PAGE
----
House Democrats and Republicans sent their Members home for the Thanksgiving recess with vastly different messages about the effectiveness and accomplishments of Congress so far this year — and about which party has the best interests of middle America at heart.
Democrats headed back to their districts preparing to highlight how a “middle-class squeeze” is impacting moderate-income Americans. The overarching message includes drawing attention to increasing gas prices and home heating costs, the subprime mortgage crisis, rising college costs and the effort to provide tax relief by closing a loophole in the alternative minimum tax.
Republicans, meanwhile, are concentrating their efforts on showcasing what they say are the missed opportunities of the new Democratic majority — including the failure to enact much of any substantial legislation and the glacial pace of the appropriations process.
Both parties encouraged their Members to use the two-week recess to plan as many publicity events and town hall meetings as possible to get the messages out.
“We’ve urged Members to make the most of their time in the district,” GOP Conference Chairman Adam Putnam (Fla.) said last week.
Putnam acknowledged that there continues to be an anti-incumbent atmosphere and that Republicans must work hard in their districts while they are home to highlight the “missed opportunities of the new majority.”
Meanwhile, in a letter accompanying the GOP recess packet distributed to Members before they left for home, Putnam wrote that Democrats had relinquished any upper hand they may have had when it comes to addressing the needs of the middle class.
“The extent to which Democrats have grown tone deaf to the needs of middle America is appalling,” Putnam wrote. “The worst kind of leaders, whether they run a repair shop or a Fortune 500 company, are the isolated kind; they spend so much time trying to please all comers, they end up plucking the important decisions out of thin air and hoping they stick.”
As a retort to the “do-nothing” Congress moniker, Speaker Nancy Pelosi’s (D-Calif.) office issued a news release Friday detailing the legislative progress the House has made so far this year, including — the release said — passing 119 key measures, nearly 70 percent of which with significant bipartisan support.
Democrats argue that while the House has passed important measures, Republicans, led by President Bush, have stood in the way of further progress by vetoing five important bills and issuing veto threats for 43 more House-passed measures.
And though the Iraq War dominated much of the discourse over the Democrats’ first 11 months in office, the party’s message heading into the holidays is squarely focused on highlighting current economic woes.
Speaking at a luncheon with reporters on Friday, Democratic Caucus Chairman Rahm Emanuel (Ill.) asserted that while Iraq remains a key issue to voters, views on that issue have largely solidified while the economy remains an increasingly prominent source of unease.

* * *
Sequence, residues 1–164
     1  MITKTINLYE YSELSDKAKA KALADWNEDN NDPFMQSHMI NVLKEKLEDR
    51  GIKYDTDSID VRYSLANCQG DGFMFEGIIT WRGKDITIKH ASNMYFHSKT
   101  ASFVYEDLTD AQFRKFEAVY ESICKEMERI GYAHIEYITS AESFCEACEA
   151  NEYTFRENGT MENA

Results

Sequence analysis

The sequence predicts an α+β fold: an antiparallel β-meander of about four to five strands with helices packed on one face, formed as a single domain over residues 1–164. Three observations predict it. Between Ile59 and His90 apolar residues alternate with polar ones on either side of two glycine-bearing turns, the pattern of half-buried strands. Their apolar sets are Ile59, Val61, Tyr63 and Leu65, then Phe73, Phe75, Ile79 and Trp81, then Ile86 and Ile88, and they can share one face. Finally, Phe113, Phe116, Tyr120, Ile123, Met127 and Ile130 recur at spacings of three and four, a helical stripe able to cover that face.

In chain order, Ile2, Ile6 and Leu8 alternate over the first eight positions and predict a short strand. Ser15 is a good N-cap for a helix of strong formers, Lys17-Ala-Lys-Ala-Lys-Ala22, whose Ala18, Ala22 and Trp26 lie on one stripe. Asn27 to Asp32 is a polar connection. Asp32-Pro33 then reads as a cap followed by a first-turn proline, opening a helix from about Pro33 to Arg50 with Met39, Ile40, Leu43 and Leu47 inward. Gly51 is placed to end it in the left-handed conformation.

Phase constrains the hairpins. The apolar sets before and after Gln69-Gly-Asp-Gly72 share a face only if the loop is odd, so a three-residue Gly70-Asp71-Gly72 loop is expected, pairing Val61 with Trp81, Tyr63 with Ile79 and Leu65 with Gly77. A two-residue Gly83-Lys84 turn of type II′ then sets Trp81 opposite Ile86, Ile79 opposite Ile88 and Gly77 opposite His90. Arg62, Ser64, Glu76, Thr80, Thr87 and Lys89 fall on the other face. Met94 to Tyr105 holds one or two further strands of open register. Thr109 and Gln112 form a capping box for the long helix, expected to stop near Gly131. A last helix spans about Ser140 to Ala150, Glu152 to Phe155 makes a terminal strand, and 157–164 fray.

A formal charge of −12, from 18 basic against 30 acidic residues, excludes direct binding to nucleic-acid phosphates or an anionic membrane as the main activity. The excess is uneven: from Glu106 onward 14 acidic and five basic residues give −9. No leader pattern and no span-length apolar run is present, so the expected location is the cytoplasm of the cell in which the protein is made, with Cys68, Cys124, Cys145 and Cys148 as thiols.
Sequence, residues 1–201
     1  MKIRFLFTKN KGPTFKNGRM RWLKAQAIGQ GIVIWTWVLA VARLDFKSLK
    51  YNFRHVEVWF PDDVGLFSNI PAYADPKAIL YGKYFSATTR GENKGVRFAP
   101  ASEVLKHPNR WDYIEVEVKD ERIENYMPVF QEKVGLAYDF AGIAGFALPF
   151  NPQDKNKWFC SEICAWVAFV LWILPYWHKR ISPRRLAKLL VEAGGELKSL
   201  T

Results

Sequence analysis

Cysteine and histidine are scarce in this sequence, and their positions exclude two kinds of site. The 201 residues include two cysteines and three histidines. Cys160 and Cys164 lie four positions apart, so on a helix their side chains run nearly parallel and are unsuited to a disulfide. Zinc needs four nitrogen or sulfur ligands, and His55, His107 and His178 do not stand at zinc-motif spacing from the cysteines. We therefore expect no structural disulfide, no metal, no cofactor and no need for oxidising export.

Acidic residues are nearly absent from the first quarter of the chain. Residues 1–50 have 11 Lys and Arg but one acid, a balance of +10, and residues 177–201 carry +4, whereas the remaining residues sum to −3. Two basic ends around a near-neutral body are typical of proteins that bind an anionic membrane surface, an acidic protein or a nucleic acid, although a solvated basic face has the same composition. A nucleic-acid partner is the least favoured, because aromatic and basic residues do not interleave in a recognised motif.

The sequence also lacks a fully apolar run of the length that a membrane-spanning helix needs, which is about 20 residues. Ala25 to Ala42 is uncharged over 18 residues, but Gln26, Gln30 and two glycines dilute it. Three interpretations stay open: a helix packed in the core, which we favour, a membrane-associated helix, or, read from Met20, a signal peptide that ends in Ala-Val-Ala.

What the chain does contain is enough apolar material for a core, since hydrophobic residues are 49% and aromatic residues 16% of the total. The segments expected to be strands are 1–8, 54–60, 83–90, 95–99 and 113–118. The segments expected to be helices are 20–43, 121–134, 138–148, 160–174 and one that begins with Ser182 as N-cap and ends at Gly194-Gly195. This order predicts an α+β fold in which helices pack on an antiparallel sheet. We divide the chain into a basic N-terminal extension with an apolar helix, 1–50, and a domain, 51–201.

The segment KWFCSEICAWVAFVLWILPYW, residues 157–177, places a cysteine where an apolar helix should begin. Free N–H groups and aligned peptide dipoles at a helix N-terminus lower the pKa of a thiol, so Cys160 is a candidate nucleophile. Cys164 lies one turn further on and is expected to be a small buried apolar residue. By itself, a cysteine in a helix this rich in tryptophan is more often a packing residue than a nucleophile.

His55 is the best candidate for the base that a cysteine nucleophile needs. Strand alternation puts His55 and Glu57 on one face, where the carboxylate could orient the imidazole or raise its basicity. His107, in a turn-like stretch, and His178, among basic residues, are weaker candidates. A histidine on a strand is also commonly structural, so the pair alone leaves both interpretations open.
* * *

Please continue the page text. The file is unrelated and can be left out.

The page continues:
“What really has changed is their concern about the economy,” he said.
Referring to discussions he has held recently with members of the business and financial sectors, as well as the Federal Reserve, Emanuel said of recession: “The ‘R’ word is more frequently used and people’s fear of it is heightened.”
He later added: “There is more concern expressed by all those individuals than optimism.”
Emanuel denied that the economy as an issue has overshadowed the Iraq War, asserting that Members will tailor their recess messages to a variety of issues including those topics, as well as immigration. “They’re going to reflect the concerns of their constituents.”
But he added: “The economy is a fundamental piece of what Democrats are talking about.”
To back that up, the Democratic Congressional Campaign Committee is planning a coordinated media campaign while Members are at home, consisting of targeted e-mails, phone calls, Web videos, opinion pieces and letters to the editor tailored to the middle-class squeeze message.
“Millions of Americans worry that the American Dream is no longer within reach and they are demanding a New Direction for their economic security,” DCCC spokeswoman Jennifer Crider said. “Americans are working longer and harder but millions are living paycheck-to-paycheck, struggling to make ends meet as they go deeper into debt and the value of their home drops.”
Pelosi began an all-hands-on-deck message push at the end of October urging Members to step up efforts to communicate with constituents. As of late last week, Democratic Members had a total of 912 district events planned over November and December.
The National Republican Congressional Committee will be launching a counter effort over the recess to highlight legislative choices that vulnerable Democrats have made and the upcoming spending decisions they face in the ongoing appropriations battle.
“We plan to be very aggressive on the spending front,” NRCC spokesman Ken Spain said. “With the current spending fight we certainly see an opportunity.”
With the approval ratings of Congress now mired in historic lows, neither party has room to take face time with constituents for granted heading into next year.
“If anti-incumbency is to be the order of the day in the year ahead, there is no guarantee that it will only fall on one party’s shoulders, especially now when we have as divided a government as we have had since 1995,” Putnam wrote to his GOP colleagues. “Just because the majority is doing so poorly does not mean we won’t be counted among them — when they ask whether you approve of the job Congress is doing, they don’t specify, Democrat Congress or Republican Congress. It’s up to us to make the distinction.”
Jennifer Yachnin contributed to this report.